The latest installment of the True Blood soundtracks, True Blood: Music From the HBO Original Series, Volume 4, reinforces the idea that no matter how silly or bewildering or campy the show is (even in the best way), the soundtrack is invariably perfect. It’s listenable and enjoyable out of the context of the show, though if you want to reminisce about Alcide and Sookie getting their drink on, you can listen to “Let’s Boot And Rally” and remember that magical time as well. Or possibly remember any time that Alcide was shirtless. I digress.
Like the last soundtrack installment, the leadoff track is a clever cover/duet by divergent artists (last time it was Neko Case and Nick Cave’s awesome “She’s Not There” which still gives me goosebumps). Eric Burdon and Jenny Lewis team up for “Don’t Let Me Be Misunderstood” like silk and sandpaper; all smoky and eerie.
The True Blood soundtracks traffic in interesting, clever covers. Bosco Delrey takes John Mellencamp’s “Authority Song” and makes it sinister and experimental. It sounds like there’s a space-age carnival happening in the background. My Morning Jacket doesn’t break much new ground on the Pete Seeger-penned, Byrds’-popularized “Turn Turn Turn.” They execute a fairly faithful cover with heavier (but still jangly) guitars and I swear at one point, he sings the word as “refwain.” I’d love to hear “Turn Turn Turn” as a gothic dirge sometime. Mobley brings a hard edge to the Beatles chestnut “I Wanna Be Your Man.”
Proper blues songs get a shake here, too. “Smokestack Lightnin'” by Howlin’ Wolf, that of the impeccable harmonica and teeth-grittingly perfect vocals, is here. Koko Taylor’s “Whatever I Am, You Made Me” is so good it hurts. What a voice.
The aforementioned “Let’s Boot And Rally” just rocks. A duet by Iggy Pop and Bethany Cosentino of Best Coast, it’s a grungy, rumbling thing, an anthem for a night of shenanigans. I’ll always buy whatever Iggy’s selling.
Like on Volume 3, UK-based The Heavy supply a delightful track. “What Makes A Good Man” has fuzzed-out guitars and call and response with a soulful backup chorus.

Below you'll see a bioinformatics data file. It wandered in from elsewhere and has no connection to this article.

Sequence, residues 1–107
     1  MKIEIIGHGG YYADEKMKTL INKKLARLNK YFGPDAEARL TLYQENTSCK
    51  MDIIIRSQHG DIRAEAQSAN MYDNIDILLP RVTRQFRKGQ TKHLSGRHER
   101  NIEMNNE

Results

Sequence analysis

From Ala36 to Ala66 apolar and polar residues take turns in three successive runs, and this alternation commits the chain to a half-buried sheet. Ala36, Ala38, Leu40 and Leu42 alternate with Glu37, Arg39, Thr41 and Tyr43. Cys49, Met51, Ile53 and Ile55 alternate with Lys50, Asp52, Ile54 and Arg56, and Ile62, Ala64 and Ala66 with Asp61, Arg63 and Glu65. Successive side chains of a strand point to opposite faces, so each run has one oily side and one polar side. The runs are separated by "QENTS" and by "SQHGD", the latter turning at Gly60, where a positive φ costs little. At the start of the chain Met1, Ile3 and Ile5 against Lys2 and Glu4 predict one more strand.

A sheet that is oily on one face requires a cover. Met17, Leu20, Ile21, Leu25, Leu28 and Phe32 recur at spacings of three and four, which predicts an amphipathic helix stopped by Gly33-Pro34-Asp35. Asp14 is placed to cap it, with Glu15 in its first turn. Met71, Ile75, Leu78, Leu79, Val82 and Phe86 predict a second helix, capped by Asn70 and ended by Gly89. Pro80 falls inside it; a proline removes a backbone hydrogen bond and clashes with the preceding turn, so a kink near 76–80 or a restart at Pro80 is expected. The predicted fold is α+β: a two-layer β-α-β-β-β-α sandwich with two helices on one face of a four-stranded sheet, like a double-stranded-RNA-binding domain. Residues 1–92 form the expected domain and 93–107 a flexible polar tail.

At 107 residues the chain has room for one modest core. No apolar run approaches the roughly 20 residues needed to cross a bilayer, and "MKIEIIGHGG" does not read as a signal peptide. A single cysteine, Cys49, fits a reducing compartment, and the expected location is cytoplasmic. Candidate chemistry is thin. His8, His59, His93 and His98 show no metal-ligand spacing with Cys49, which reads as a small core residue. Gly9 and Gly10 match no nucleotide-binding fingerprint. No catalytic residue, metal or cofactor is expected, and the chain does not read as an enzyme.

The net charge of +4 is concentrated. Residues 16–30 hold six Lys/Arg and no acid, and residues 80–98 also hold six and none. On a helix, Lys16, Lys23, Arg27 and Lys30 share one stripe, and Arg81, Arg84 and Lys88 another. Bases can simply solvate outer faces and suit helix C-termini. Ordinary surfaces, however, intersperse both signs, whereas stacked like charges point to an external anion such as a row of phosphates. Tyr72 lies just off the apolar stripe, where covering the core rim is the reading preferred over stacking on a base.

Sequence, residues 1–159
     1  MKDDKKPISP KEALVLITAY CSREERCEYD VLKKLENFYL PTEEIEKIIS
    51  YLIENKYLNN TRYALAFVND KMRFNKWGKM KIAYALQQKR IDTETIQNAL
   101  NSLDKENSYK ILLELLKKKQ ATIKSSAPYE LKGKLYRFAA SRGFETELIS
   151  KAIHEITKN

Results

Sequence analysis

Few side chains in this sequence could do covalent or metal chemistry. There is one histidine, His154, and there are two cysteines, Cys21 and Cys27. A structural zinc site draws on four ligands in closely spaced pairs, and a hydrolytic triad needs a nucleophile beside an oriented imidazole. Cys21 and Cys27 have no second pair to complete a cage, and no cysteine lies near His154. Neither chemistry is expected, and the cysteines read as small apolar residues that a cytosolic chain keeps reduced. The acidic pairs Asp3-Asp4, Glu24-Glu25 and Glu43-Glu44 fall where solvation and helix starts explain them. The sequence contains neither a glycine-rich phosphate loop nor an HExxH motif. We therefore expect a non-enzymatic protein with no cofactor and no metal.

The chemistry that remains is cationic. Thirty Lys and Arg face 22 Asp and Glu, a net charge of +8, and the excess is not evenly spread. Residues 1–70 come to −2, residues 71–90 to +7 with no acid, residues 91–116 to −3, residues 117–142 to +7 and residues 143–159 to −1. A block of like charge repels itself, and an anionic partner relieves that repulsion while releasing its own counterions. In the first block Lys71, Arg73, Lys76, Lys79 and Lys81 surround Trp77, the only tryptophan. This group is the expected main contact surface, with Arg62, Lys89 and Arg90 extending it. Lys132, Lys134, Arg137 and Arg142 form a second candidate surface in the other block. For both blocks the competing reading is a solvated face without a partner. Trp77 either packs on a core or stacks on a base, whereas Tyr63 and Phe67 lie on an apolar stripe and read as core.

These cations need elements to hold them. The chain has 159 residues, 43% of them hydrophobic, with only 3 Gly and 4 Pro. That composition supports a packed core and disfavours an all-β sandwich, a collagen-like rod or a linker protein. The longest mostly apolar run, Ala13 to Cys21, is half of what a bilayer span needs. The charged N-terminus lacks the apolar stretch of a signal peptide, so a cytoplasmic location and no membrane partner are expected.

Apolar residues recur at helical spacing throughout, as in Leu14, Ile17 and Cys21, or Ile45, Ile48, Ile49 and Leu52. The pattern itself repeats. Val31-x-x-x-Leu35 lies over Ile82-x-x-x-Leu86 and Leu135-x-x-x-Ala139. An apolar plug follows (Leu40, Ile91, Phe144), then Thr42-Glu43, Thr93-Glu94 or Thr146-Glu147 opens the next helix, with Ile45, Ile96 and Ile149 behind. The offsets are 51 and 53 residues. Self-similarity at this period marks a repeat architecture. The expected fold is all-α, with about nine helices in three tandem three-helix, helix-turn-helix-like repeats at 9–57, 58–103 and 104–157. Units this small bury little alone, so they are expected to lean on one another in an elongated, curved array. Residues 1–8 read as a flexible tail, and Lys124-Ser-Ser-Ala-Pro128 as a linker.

What I love about True Blood is the use of breaking bands over the end credits. The first time I heard Alabama Shakes was on the show. Brittany Howard has the kind of voice that female singers try desperately to affect, and fail at. It’s powerful and quirky, and on the propulsive “Pocket Change” it is showcased. That’s a top-down, summer driving song.
Other up-and-coming bands here are The Naked and Famous, whose synth-driven, whispery, trancey, dancey “The Sun” is gorgeous. Warpaint, with their layered vocals and harmonies, are sparse, atmospheric, and lush (though a bit long) and their “Undertow” brings the dream pop. I was blown away by Deap Vally and “(She’s A) Wanderer.” A kick ass female duo that plays gritty, scuzzy garage rock, they have quite the ear worm here.
The Flaming Lips give us “Your Face Can Tell The Future.” It’s both sonically crushing and endearing (and also, I learned that I cannot listen to The Flaming Lips whilst I’m driving, because I like to listen with my eyes closed and no good can come from that).
The final track, another subversive cover, is the 1939 Vera Lynn classic, “We’ll Meet Again” done by Los Lobos. It’s been covered by everyone from Johnny Cash to the Turtles, and it has never sounded so much like a threat. It’s haunting and echoey and heavy.
As always, the True Blood soundtrack is delicious. True Blood: Music From the HBO Original Series, Volume 4, is a grab bag of inventive tracks and atmosphere, new artists and old, and a feast for the ears.